How Vaginal Infections Impact Women’s Everyday Life
—Women’s Lived Experiences of Bacterial Vaginosis and Recurrent Vulvovaginal Candidiasis
 [PDF]

Annsofie Adolfsson, Anna Hagander, Farzane Mahjoubipour, Per-G?ran Larsson
Advances in Sexual Medicine (ASM) , 2017, DOI: 10.4236/asm.2017.71001
Abstract: Reoccurring symptoms and persistent problems that continue post treatment can be characteristic of the vaginal infections Bacterial Vaginosis (BV) and recurrent vulvovaginal candidiasis (RVVC). The purpose of this study was to describe women’s life experiences in managing the symptoms of bacterial vaginosis and Candida. Sixteen women were recruited and participated in an interview study when they contacted a Swedish gynecology clinic with vaginal complaints that ranged from and included abnormal discharge, irritation itching along with serious malodor. An interpretive phenomenological approach was used with an individual interview to get a more intimate understanding of the women experiencing these problems. The finding of this study shows that managing the recurrent symptoms of the infections remains to be a challenge for women as it has a clearly negative impact on the quality of their lives. Four themes developed: frustration and mood disorders, intimacy changes in the relationship, exposure, hope and relief. The women had high hopes of eliminating the symptoms within the six-month study period. The treatment program, with its well-developed guidelines and continuity of care within the context of the study greatly improved the quality of life of these women. Women had feelings of frustration and anxiety when nothing could cure their problem while they had also a great hope to get rid of the symptoms with a long striking treatment. Well-developed guidelines and continuity of care can help these women to have an improved quality of life.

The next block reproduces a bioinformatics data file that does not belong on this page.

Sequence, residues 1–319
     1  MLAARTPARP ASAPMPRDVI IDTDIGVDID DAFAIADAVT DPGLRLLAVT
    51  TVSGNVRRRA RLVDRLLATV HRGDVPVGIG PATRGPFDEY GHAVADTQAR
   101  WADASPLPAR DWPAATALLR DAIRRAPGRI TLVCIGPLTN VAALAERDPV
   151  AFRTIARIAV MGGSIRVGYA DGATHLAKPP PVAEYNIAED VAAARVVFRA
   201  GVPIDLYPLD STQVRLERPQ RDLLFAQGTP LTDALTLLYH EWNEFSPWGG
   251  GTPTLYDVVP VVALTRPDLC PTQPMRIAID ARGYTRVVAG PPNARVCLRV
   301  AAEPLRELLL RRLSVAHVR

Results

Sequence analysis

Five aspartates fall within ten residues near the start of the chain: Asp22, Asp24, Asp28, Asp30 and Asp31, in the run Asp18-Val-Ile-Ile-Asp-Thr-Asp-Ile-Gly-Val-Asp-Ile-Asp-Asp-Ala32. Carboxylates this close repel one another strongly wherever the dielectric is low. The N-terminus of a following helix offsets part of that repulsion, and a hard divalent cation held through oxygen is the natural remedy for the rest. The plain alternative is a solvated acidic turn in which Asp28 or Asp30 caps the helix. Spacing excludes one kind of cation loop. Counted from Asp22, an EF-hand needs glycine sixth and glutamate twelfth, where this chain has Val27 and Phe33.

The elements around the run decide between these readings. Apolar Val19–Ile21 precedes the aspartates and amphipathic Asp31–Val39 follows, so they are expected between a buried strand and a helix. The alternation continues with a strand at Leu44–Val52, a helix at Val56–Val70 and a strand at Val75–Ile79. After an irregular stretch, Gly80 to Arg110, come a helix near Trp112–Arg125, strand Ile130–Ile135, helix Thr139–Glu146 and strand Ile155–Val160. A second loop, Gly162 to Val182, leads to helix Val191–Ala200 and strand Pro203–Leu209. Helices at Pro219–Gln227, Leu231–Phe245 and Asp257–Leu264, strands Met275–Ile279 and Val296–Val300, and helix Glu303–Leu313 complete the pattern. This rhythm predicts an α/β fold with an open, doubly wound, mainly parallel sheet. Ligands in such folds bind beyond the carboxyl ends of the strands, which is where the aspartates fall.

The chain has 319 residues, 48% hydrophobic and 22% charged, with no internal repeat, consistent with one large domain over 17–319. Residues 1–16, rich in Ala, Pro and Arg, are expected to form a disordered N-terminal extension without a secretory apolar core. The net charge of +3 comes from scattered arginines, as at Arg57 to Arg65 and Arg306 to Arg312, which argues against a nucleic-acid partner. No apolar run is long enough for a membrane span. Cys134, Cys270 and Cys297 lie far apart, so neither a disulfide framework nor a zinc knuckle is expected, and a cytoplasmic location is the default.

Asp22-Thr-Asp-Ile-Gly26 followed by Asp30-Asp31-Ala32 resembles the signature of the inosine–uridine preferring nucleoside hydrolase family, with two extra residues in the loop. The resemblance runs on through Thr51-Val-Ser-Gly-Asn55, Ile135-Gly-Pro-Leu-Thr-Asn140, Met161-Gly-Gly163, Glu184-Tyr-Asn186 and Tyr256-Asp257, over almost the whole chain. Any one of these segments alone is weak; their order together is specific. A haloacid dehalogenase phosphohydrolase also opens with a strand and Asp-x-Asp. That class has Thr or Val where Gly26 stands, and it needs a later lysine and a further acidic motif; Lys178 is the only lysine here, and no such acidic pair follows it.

Comparison between Fluconazole with Oral Protexin Combination and Fluconazole in the Treatment of Vulvovaginal Candidiasis  [PDF]
S. Nouraei,S. Amir Ali Akbari,M. Jorjani,H. Alavi Majd,M. Afrakhteh,A. Ghafoorian,H. Tafazzoli Harandi
ISRN Obstetrics and Gynecology , 2012, DOI: 10.5402/2012/375806
Abstract: Background. According to the limited studies reporting new treatments for vulvovaginal candidiasis, this study was designed to compare the combination of fluconazole and oral protexin with fluconazole in the treatment of vulvovaginal candidiasis. Methods. A double-blind clinical trial was conducted, involving 90 women who were referred to the gynecology clinic. Vulvovaginal candidiasis was diagnosed with itching, cheesy vaginal discharge, and any one of the following: dysuria, pH < 4.5, dyspareunia, vulvar erythema, or vulvar edema and if branched hyphae and Candida buds were visible after addition of KOH 10% in the culture and the result of cultivation in Sabouraud’s dextrose agar medium was positive. Patients were randomly classified into two groups Absence of discharge, itching, and negative culture results 5–7 days after completion of treatment indicated treatment success. Data in this study were analyzed using the SPSS version 17.0 software. Results. The combinations, fluconazole-oral protexin and fluconazole-placebo, were equally effective in reduction of complaints and symptoms, but fluconazole-oral protexin combination elicited a better therapeutic response ( , ). In addition, fluconazole-oral protexin combination treatment demonstrated better recovery time ( , ). Conclusion. This study demonstrated that complementary treatment with probiotic Lactobacillus increased the efficacy of fluconazole in treatment of vulvovaginal candidiasis. Further research is recommended. 1. Introduction Vaginitis is the most common gynecological problem, for which women seek treatment [1, 2]. Four types of infectious vaginitis are commonly found in women—candidiasis, trichomoniasis, bacterial vaginosis, and gonococcal infections [3]. Among these, candidiasis is the second most common vaginal infection. Seventy-five percent of women suffer from vulvovaginal candidiasis at least once during their lives, almost 45% of women experience the disease twice or more annually and approximately 5% of women are diagnosed with chronic and recurrent infections [4–6]. The disease is most prevalent among women aged 25–35 years. A variation in the incidence of vulvovaginal candidiasis in various communities has been reported in Iran. The prevalence of vulvovaginal candidiasis in Mashhad was reported to be 43% in 2005 [7]; in 1997, it was reported to be 19.8% in Kerman, 22.3% in Kashan, and 26.7% in Sari [8]. The etiology of vulvovaginal candidiasis also varies. Candida albicans is the most commonly found genera in the genitalia in 80–90% of cases of vulvovaginal candidiasis. C.